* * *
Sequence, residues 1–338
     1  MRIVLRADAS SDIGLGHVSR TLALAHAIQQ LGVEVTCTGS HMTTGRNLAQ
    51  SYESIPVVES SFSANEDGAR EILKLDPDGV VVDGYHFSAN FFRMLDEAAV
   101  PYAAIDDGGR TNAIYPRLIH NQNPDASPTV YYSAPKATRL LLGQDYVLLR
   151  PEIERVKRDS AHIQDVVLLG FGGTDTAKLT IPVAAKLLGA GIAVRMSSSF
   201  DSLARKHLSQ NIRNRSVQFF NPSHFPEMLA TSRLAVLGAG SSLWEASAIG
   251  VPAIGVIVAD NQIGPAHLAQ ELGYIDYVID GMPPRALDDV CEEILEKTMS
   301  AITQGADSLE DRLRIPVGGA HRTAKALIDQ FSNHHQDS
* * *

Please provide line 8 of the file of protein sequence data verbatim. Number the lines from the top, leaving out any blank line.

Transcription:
   301  AITQGADSLE DRLRIPVGGA HRTAKALIDQ FSNHHQDS